Open the styles.css file you have created in your code editor. This file will be used to define styles that are common to both the on-screen preview as well as the print version. The <article> container is used to define the flow of the content to cover the full-page width, but adjust to however much content it contains, hence we don’t need to define a height.

001 002 003 004 005 006 007 008 009

article{ display: block; width: 90%; clear: both; margin: 1em auto 1em auto; padding: 2em 5% 0 5%; text-align: center; }

10 Font sizes

A default font size is required for the <article> container, which can then be used by other elements to base their font sizes. Not only does this enable font sizes to automatically adapt themselves when the screen version is altered, but also when altering the font sizes for print when using a different type of measurement.

001 002 003 004 005 006 007 008 009 010 011 012 013 014

article{ font-size: 20px; } header h1{ font-size: 2.5em; } section.outline{ font-size: 1.8em; color: #5AD8E5; } footer{ font-size: 0.5em; }

11 Background style

Setting a background image as part of the on-screen preview will make the design look more appealing. We will want the content to stand out from the image, so using a semitransparent image, cover the full background, and set the background size as ‘cover’.

001 article{ 002 background-image: url('img/background5. jpg');

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<tutorials> Construct an adaptive printable CSS design

< Top left> s5FYUDPOUFOUJTNBEFUPŢMPXJO UXPDPMVNOTnUIJTJTTVJUBCMFGPS TUBUJDQSJOUDPOUFOUXIFSFVTFST EPOUIBWFBTDSFFOUPTDSPMM < Top right> s"EBQUJWFJNBHFTBSFOPX WJTJCMFBOEDBODIBOHFUPTVJU EJŢGFSFOUQSJOUMBZPVUTJGSFRVJSFE < Bottom left> s5IFDPNQMFUFEGVMMQBHFQSJOU QSFWJFXPGUIFMFBŢMFUWFSTJPOPG UIFQBHFDPOUFOU < Bottom middle> s5IFDPNQMFUFEWPVDIFSWFSTJPO PGUIFQSJOUMBZPVUTIPXTB EJŢGFSFOUEFTJHOBOEFMJNJOBUFE DPOUFOUGSPNUIFGVMMMFBŢMFU < Bottom right> s6TFSTNVTUNBOVBMMZTFUUIF QSJOUNBSHJOTGSPNUIFCSPXTFS QSJOUTFUUJOHTCFGPSFQSJOUJOHJG UIFZXBOUUIFDPOUFOUUPDPWFS UIFGVMMQBHF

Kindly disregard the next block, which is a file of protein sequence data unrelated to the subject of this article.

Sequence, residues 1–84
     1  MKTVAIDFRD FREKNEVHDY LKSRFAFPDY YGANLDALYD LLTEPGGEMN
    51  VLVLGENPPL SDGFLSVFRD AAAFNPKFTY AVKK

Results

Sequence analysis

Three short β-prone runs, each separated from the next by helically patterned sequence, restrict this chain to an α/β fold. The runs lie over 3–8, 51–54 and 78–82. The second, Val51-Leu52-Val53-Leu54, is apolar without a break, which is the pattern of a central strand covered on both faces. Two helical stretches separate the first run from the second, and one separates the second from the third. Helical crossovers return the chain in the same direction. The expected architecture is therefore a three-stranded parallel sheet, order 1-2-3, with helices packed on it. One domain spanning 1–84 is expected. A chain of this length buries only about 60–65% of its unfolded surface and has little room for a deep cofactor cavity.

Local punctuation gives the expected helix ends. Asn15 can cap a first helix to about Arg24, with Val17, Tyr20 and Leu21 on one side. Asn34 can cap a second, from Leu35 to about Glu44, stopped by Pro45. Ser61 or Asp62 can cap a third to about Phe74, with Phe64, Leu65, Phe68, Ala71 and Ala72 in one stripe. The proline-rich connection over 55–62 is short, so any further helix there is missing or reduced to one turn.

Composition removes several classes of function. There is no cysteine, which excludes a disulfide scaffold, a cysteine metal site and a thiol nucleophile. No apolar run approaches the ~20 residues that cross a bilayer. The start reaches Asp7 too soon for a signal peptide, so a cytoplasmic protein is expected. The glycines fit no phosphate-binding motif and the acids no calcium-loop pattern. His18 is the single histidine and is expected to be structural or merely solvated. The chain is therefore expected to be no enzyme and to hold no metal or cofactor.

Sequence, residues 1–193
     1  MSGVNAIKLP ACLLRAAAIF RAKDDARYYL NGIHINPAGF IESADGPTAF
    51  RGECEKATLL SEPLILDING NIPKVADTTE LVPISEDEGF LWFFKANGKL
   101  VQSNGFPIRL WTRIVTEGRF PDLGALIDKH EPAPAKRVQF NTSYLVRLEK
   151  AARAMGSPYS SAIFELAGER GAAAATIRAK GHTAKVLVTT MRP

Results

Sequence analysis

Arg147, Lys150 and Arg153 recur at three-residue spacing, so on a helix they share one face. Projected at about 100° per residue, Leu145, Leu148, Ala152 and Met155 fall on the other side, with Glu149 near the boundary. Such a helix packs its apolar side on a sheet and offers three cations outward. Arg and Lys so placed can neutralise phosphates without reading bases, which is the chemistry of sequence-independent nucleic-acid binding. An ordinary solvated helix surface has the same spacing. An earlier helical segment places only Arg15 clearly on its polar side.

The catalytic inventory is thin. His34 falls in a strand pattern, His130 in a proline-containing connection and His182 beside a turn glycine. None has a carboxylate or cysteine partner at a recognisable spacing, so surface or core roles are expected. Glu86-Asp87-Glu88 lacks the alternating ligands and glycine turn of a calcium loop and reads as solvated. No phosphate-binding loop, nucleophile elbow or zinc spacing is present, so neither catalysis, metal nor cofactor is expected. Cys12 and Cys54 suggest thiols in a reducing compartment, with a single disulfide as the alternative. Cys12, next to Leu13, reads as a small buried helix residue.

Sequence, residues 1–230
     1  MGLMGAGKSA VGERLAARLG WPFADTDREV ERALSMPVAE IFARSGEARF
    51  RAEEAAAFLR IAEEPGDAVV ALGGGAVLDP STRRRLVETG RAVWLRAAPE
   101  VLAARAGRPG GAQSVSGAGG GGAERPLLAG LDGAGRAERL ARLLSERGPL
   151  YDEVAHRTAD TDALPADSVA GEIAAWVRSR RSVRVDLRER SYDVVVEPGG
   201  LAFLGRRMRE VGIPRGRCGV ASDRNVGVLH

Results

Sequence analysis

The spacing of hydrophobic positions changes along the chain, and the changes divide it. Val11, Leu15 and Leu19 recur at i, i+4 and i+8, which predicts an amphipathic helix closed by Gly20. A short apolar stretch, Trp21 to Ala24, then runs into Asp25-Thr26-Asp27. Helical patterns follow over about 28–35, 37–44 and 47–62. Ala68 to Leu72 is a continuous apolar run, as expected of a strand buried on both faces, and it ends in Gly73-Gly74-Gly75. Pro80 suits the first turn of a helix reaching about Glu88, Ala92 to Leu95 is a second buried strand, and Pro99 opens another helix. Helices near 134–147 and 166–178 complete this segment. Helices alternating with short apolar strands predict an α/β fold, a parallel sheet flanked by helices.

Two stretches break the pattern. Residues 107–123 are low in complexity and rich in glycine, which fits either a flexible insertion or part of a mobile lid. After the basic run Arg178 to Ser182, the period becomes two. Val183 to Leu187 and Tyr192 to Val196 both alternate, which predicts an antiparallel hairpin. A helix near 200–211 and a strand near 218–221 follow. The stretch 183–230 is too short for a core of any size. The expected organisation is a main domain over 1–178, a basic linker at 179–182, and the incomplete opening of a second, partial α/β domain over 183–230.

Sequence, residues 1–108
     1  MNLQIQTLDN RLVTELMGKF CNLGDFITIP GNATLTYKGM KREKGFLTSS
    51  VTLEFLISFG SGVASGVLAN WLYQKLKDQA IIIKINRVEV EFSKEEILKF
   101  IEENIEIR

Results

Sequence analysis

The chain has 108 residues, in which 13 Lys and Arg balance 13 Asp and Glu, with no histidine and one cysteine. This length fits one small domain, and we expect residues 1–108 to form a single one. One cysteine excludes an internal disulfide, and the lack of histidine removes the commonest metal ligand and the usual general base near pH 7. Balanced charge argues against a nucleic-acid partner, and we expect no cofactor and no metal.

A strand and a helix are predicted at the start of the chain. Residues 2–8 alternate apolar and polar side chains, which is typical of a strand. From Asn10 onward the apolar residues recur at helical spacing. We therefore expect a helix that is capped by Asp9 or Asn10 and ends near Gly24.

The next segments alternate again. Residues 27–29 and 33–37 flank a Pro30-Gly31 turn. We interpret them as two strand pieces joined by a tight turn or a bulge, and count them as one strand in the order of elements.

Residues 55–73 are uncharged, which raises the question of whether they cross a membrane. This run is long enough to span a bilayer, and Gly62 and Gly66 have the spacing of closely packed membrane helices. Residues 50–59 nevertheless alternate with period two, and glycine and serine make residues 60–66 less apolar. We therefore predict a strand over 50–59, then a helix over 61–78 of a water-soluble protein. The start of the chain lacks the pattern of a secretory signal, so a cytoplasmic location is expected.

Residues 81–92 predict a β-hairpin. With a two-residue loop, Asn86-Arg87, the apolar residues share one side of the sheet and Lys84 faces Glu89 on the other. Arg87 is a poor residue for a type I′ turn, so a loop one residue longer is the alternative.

003 background-size: cover; 004 }

12 Adjust readability

The text may be difficult to read in some places with the new background. We can improve this by making the default text colour of <article> white to minimise the conflict between the colours used in the background, whilst each content area can make use of a dark transparent background to make the text stand out.

001 002 003 004 005 006 007

article{ text-shadow: 2px 2px #000; color: #fff; } header, footer, section{ background: rgba(0,0,0,0.5); }

13 Adding the padding

The final part that we want to add to the default CSS is the spacing to the different areas of text. Although this will increase the size of the voucher, it will also help people to distinguish the different parts of the content – making it easier for them to read and more likely that they will take notice.

001 header, footer, section{ 002 padding: 0.1em; 003 }

14 Informative content layout

The section of the leaflet containing the informative content needs styling for its elements. With print content being static, text layout is often arranged in

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columns to enable easier reading. We will use CSS to provide this formatting with browsers that support it – those that don’t can gracefully degrade the presentation to a single column of text.

001 .columns2{ 002 text-align: left; 003 -webkit-column-count: 2; /* Chrome, Safari, Opera */ -moz-column-count: 2; /* Firefox */ column-count: 2; } .screenUI{ display: block; position: fixed; top: 0; left: 0; height: 2em; width: 100%; color: #fff; background: #777; font-weight: heavy; }

004 005 006 007 008 009 010 011 012 013 014 015 016 017

15 Informative images styles

The informative content area also has some CSS defined images that are placed in a container and these will use the .imageRow class. The layout will make use of of the .imageRow container to keep the images separate from the two column text, with each data-image being a set size and displayed as an inline-block for horizontal positioning next to each other.

001 .imageRow{ 002 display: block;

003 004 005 006 007 008 009 010 011 012 013 014 015 016 017

clear: both; text-align: center; margin-top: 3em; } .imageRow [data-image]:first-child{ margin-left: 0; } [data-image]{ display: inline-block; width: 6em; height: 6em; margin-left: 3em; background-size: cover; }

16 Informative images styles

With the rules defined for data-image items, it is now easy to define the CSS rules for each individual image. This will be achieved using the value of the data-image items. The advantage of defining images in this way over the traditional <img> tag is that we can use CSS to change the images for different versions of the print design if required.

001 002 003 004 005 006 007 008 009

[data-image="one"]{ background-image: url('img/photo1.jpg'); } [data-image="two"]{ background-image: url('img/photo4.jpg'); } [data-image="three"]{ background-image: url('img/photo5.jpg'); }


<tutorials> Construct an adaptive printable CSS design

17 Initiate print styles

Code library